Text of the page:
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Sexual Dysfunction and HAART -- Is There a Connection?

November 2002

A note from TheBody.com: Since this article was written, the HIV pandemic has changed, as has our understanding of HIV/AIDS and its treatment. As a result, parts of this article may be outdated. Please keep this in mind, and be sure to visit other parts of our site for more recent information!

Sexual dysfunction is common in HIV infection. Many people living with HIV, both male and female, have been diagnosed with various forms of sexual dysfunction ranging from erectile difficulties in males, to lubrication problems in females, and issues with desire, arousal, orgasms and overall satisfaction in both sexes.

Many of the causes of problems like these are well known, such as stress, anxiety, depression and excessive use of alcohol or recreational drugs. Some of the everyday medications we take are known to cause sexual dysfunction in some patients. Anti-depressants are very often capable of causing a lessening of desire, or even ability, in some patients. So are some of the drugs used for treating high blood pressure, high cholesterol and high triglycerides.

In the last couple of years, HAART (highly active antiretroviral therapy) has been looked at as a possible cause of sexual dysfunction in HIV-infected people. The side effects from antiretroviral therapy are many, and our awareness of new side effects continues to grow as more and more people are on these medications for longer periods of time. Lipodystrophy and heart disease were not known to be side effects of these drugs at first. It was only after people had been taking these therapies for years that we began to notice some of these problems and recognize them as possible side effects of the medications.

The research so far that has looked at the relationship between antiretroviral therapy and sexual dysfunction has been conflicting, and thus non-conclusive, but some studies have found a correlation between antiretrovirals, in particular protease inhibitors, and sexual dysfunction. A report in the Journal of Acquired Immune Deficiency Syndromes from May 2002, found that protease inhibitor use, particularly ritonavir, increased the risk of sexual dysfunction in a group of 254 adult males who were on treatment and followed for a period of five years. In this study from Cambridge Hospital in Massachusetts, ritonavir use was associated with a "nearly threefold risk of sexual dysfunction." After ritonavir, the protease inhibitors most strongly linked to sexual dysfunction in order were indinavir, nelfinavir and then saquinavir.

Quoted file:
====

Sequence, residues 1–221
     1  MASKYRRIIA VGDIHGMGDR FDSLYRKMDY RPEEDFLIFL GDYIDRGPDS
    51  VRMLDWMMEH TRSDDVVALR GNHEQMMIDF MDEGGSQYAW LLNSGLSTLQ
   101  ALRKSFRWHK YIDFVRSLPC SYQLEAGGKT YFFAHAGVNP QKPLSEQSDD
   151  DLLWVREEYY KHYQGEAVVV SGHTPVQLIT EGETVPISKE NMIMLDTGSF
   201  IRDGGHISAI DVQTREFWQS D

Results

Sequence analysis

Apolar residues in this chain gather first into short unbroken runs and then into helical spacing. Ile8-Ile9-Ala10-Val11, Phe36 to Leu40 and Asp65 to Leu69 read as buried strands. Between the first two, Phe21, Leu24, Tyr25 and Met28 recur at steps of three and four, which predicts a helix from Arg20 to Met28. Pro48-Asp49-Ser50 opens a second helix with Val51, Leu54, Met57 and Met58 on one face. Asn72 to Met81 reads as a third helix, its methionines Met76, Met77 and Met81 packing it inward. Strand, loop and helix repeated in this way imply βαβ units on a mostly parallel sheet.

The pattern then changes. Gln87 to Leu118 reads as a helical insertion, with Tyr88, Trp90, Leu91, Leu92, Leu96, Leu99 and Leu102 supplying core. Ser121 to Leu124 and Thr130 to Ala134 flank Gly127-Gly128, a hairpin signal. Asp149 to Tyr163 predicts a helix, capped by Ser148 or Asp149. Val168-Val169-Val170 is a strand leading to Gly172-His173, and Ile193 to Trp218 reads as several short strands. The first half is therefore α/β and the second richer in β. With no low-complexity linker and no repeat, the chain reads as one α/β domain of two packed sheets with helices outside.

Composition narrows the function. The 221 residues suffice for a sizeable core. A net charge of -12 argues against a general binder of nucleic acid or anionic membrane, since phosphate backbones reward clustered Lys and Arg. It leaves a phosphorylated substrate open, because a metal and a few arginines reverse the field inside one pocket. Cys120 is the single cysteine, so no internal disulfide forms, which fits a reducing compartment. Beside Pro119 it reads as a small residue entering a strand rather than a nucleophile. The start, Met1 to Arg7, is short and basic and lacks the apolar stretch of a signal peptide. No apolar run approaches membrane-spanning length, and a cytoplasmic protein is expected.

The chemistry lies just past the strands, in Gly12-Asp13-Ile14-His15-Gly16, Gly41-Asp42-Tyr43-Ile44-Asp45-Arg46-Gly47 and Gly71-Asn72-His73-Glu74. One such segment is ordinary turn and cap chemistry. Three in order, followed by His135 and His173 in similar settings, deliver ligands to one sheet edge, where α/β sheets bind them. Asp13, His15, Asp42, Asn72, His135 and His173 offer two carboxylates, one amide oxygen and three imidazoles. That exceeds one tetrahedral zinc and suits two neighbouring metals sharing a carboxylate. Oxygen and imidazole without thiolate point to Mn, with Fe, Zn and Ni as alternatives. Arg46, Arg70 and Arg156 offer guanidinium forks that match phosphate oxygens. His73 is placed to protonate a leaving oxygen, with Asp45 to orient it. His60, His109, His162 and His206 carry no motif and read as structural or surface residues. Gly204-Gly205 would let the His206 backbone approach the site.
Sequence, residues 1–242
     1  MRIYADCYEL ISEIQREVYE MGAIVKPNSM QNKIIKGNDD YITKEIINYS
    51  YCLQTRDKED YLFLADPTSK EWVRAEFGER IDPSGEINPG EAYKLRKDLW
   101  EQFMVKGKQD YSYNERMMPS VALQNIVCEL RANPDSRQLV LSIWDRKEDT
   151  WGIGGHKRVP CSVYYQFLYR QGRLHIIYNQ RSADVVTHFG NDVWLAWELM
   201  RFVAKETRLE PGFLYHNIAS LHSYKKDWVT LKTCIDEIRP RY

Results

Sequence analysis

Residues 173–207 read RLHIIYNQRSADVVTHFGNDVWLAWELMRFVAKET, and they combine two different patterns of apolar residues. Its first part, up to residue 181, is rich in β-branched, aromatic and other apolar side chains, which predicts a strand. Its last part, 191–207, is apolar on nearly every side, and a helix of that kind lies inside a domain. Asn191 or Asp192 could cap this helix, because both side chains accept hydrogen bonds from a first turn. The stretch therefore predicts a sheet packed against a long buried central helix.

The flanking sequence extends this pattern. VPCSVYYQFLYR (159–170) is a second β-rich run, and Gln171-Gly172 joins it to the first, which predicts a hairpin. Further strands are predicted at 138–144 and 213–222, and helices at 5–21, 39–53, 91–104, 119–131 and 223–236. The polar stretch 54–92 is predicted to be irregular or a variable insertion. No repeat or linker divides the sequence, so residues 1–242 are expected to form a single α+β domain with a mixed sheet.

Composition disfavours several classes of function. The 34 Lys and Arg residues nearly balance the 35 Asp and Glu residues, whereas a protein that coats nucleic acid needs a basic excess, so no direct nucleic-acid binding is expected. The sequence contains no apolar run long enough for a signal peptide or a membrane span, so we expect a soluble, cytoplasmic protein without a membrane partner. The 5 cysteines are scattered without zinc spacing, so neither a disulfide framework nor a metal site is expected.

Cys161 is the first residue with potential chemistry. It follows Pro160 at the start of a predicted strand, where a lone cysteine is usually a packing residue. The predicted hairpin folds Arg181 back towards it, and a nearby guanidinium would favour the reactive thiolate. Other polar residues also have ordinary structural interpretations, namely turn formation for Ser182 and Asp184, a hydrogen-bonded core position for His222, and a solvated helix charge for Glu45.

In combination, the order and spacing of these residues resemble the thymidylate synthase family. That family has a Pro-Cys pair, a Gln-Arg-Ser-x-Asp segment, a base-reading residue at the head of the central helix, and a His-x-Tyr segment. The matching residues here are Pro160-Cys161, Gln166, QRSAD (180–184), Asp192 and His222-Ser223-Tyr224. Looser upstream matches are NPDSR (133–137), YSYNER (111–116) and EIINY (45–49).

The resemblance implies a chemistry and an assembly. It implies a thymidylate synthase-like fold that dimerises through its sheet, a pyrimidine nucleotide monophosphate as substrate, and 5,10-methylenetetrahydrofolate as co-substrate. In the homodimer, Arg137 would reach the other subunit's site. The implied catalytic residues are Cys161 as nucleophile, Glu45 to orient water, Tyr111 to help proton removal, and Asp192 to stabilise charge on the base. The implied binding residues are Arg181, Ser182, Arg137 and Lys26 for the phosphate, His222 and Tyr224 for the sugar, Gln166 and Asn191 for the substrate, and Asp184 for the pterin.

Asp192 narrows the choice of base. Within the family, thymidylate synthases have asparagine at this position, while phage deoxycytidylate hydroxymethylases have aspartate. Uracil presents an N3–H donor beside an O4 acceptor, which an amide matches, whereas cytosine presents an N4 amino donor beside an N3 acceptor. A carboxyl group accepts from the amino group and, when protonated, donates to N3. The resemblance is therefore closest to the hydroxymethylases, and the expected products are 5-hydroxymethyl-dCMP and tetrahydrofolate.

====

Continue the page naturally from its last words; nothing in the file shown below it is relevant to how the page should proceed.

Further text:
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Two studies presented at this year's International AIDS Conference in Barcelona provided more evidence of sexual problems in people who are on antiretrovirals, but conflicting conclusions as to the cause.

In the abstract entitled "Sexual Dysfunction in People Treated With Antiretroviral Treatment" [MoPeB3254]; researchers distributed an anonymous questionnaire to people living with HIV/AIDS in ten European HIV treatment centers. Two hundred thirty-six men (205 on antiretroviral treatment and 31 antiretroviral naive) and 101 women (86 on treatment and 15 not) participated. The mean age of the participants was 39.7 years, and the mean time since HIV diagnosis was 7.6 years. In the men, the researchers looked at questions regarding erectile functioning, sexual desire, orgasmic functioning, intercourse satisfaction, and overall sexual satisfaction. In the women they looked at desire, arousal, lubrication, satisfaction and pain.

The conclusion in this study was that sexual dysfunction was found more often in men who were taking antiretroviral therapy compared to men who were not. However among the women there was no association found between antiretroviral use and sexual function. Disappointingly, there were no details of which antiretrovirals the patients were taking.

In "Lack of an Association Between Protease Inhibitors Use and Sexual Dysfunction in Patients With HIV" [TuPeB4515], the researchers looked for the prevalence of sexual dysfunction in HIV-infected people and specifically for an association with protease inhibitors. The study took place in Ottawa, Canada, and included 135 men and 30 women. This study found that greater age, female gender and anti-depressant use were the factors that were associated with sexual dysfunction, and not the use of protease inhibitors.

So, is the use of HAART connected to the high incidences of sexual dysfunction among men and women living with HIV? We don't know, yet. With continued research, hopefully we will find out soon.

For more information, read about Treatments for Male Sexual Dysfunction.

Got comments? Write to Dan at Ddunable@aidssurvivalproject.org.

A note from TheBody.com: Since this article was written, the HIV pandemic has changed, as has our understanding of HIV/AIDS and its treatment. As a result, parts of this article may be outdated. Please keep this in mind, and be sure to visit other parts of our site for more recent information!



  
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This article was provided by AIDS Survival Project. It is a part of the publication Survival News.
 
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